148 Women and 1066, and Marriage

As far as women were concerned, was 1066 generally a Good Thing, a Bad Thing – or just a Thing?  That’s the main item of debate this week, along with a bit about marriage, and a toe-curling piece about how to get out of an unwanted marriage contract by proving your partner failed to live up to their, um, duties.

148 Women 1066 and Marriage

 

A duty of sex

According to the teaching of the church, the point about marriage was to have children, and therefore both men and women had a legal responsibility to have sex in marriage unless both decided it was a bad idea. So the easiest way out of an unwanted marriage was to claim that your partner was unable to deliver the goods.

Here, from Henrietta Leyser’s book ‘Medieval Women’ is a quote from a case in York in 1433 when John was accused of just such a thing:

The …witness exposed her naked breasts and with her hands, warmed at the said fire, she held and rubbed the penis and testicles of the said John. And she embraced and frequently kissed the said John, and stirred him up in so far as she could to show his virility and potency, admonishing him for shame that he should then prove and render himself a man. And …the said penis was scarcely 3 inches long…remaining without any increase or decrease’ 

Determined to marry for love – Margery Paston

One of the church’s nicer sides was the teaching that actually no church wedding or oath was Paston lettersrequired for a couple to get married – a simple agreement between a woman and a man was sufficient. So when 20 year old Margery Paston fell in love with her family’s 30+ bailiff, Richard Calle, Margery was able to claim that she was already married.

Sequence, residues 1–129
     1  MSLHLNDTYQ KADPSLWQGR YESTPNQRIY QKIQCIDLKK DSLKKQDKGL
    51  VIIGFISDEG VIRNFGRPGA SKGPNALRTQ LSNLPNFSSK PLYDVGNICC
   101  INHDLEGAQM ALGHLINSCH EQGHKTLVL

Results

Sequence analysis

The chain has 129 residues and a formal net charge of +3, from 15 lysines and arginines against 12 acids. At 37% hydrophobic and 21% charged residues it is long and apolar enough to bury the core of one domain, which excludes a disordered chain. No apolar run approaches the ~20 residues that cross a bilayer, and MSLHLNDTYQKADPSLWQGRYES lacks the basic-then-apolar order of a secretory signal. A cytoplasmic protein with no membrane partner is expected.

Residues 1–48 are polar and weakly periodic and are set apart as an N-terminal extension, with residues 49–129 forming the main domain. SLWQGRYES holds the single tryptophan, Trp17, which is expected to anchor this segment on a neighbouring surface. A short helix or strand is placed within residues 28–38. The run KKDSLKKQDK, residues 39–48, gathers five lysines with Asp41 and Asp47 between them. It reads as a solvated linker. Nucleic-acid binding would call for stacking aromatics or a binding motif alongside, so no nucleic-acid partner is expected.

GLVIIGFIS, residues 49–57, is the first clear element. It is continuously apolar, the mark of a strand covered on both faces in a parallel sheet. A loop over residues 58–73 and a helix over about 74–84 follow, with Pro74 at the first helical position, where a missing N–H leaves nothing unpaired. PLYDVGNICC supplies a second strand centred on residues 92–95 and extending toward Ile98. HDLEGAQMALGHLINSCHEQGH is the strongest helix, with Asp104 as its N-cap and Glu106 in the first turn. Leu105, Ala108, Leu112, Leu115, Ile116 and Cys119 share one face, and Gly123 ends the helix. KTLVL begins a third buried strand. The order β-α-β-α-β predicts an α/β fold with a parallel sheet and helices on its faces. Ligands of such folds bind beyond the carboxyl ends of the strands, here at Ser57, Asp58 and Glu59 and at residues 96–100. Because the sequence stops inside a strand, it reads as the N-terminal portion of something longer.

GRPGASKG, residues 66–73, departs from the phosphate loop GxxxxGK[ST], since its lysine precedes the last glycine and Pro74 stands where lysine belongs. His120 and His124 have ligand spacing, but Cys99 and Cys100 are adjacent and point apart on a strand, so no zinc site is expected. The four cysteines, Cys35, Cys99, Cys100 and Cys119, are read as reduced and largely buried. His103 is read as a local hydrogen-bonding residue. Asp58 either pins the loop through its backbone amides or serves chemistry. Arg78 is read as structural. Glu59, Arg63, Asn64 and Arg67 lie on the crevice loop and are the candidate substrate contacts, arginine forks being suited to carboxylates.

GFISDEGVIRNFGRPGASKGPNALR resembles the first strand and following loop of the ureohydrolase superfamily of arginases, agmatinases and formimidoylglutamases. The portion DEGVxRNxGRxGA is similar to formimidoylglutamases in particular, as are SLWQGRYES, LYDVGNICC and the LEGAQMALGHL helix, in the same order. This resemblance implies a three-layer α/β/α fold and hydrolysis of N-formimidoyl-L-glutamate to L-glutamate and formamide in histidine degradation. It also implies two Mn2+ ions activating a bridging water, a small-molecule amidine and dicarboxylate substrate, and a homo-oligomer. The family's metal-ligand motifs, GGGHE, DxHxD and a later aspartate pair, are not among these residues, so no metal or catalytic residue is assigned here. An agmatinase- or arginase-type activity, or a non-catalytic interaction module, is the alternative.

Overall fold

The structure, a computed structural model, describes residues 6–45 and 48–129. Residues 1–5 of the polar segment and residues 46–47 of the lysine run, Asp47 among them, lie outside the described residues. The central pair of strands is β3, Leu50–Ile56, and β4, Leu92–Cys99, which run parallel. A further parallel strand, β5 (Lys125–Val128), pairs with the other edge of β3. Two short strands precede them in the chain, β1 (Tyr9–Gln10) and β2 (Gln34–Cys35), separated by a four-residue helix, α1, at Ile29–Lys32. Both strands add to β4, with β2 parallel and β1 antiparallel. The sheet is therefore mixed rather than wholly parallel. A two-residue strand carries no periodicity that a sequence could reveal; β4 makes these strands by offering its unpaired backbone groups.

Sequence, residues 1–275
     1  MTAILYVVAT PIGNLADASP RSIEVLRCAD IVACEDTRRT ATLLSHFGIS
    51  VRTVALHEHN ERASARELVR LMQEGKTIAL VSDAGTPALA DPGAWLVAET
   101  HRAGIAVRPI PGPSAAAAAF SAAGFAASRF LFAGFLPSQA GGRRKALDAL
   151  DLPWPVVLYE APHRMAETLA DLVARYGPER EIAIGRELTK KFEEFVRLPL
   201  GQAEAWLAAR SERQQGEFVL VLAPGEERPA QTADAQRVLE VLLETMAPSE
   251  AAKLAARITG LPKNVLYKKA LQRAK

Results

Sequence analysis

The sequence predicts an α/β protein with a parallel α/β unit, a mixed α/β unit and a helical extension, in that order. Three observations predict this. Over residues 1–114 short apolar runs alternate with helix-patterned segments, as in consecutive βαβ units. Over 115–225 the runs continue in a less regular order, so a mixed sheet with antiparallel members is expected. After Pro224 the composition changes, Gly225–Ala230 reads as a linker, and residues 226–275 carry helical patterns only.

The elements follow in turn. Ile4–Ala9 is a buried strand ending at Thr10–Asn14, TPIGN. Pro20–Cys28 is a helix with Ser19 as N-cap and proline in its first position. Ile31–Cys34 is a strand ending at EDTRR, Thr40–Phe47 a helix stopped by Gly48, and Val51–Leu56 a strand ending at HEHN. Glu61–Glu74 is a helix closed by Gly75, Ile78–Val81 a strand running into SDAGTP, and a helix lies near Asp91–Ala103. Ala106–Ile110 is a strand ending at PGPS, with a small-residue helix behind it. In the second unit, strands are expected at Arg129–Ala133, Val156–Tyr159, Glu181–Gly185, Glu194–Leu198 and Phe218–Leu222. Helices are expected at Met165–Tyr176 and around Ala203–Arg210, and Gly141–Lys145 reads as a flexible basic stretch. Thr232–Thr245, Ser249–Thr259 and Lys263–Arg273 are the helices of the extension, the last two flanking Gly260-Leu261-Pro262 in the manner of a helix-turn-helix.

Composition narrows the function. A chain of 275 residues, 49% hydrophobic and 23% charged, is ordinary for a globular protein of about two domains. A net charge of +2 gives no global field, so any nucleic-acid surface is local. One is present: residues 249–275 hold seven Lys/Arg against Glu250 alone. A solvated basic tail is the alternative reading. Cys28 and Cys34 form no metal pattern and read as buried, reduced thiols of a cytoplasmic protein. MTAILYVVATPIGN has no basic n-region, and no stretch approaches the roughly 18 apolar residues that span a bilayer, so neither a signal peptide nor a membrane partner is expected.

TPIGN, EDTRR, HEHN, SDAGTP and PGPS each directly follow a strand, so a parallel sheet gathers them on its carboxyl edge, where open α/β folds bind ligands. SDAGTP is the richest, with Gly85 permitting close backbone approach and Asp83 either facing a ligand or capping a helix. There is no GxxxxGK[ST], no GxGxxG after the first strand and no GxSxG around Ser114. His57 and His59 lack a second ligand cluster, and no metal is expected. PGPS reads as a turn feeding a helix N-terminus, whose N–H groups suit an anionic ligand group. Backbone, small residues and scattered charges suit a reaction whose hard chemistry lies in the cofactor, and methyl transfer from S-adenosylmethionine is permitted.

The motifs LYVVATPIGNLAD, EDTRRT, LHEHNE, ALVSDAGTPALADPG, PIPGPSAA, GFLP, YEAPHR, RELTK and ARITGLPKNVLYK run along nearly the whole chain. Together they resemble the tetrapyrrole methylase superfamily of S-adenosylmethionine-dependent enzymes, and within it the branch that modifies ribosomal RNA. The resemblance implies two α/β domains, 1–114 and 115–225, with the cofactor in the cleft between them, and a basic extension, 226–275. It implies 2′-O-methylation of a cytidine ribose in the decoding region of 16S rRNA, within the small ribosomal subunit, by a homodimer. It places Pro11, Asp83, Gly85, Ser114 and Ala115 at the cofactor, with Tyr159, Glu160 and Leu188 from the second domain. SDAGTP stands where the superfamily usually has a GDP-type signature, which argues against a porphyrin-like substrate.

You can read some of the letters directly at the Luminarum site by following this link: www.luminarium.org/medlit/pastontext.htm

 

 

 

 

9 thoughts on “148 Women and 1066, and Marriage

  1. Oh man. I feel so bad for my medieval namesake. Fortunately I do not resemble him in other ways. And now it will be remembered by history forever.

  2. Thanks for another enjoyable podcast. Am I mistaken or did I hear a reference to the 1982 tv version of The Scarlet Pimpernel starting Anthony Andrews? “Sink me!” If so, I would like to add “Odd’s fish, my dear!”

  3. I love the pop culture references and am always listening for them. Keep them coming!
    “We seek him here. We seek him there.
    Those Frenchies seek him everywhere!
    Is he in heaven? Or is he in hell?
    That damned Elusive Pimpernel!”

  4. First, my husband and I enjoy your podcasts immeasurably – even though I do not always agree with everything. On the question of women’s literacy in the middle ages, may I suggest Conrad-O’Briain, Helen, ‘Were women Able to Read in the Middle Ages’ in Misconceptions about the Middle ages ed. by Stephen J. Harris and Bryon L. Grigsby (Routledge: New York and London, 2008)
    And yes, I freely admit I am Helen Conrad-O’Briain
    Adjunct Associate Professor Old English and Old Norse
    PS It is quite a fun little book – and I understand it has even been translated into French. You might like to look at the work of Helen Damico and Christine Fell – although you probably have. I also hope you have read Garret Mattingly’s Armada.

  5. Hello Helen, and thanks; but also there’s a bit of ooh dear, so a proper historian who might have listened to the hideousness that are my early podcasts? Not good.So bad I am re-doing them.
    Um, I had a look for ‘Misconceptions’ which sounds like the perfect thing for a podcast!

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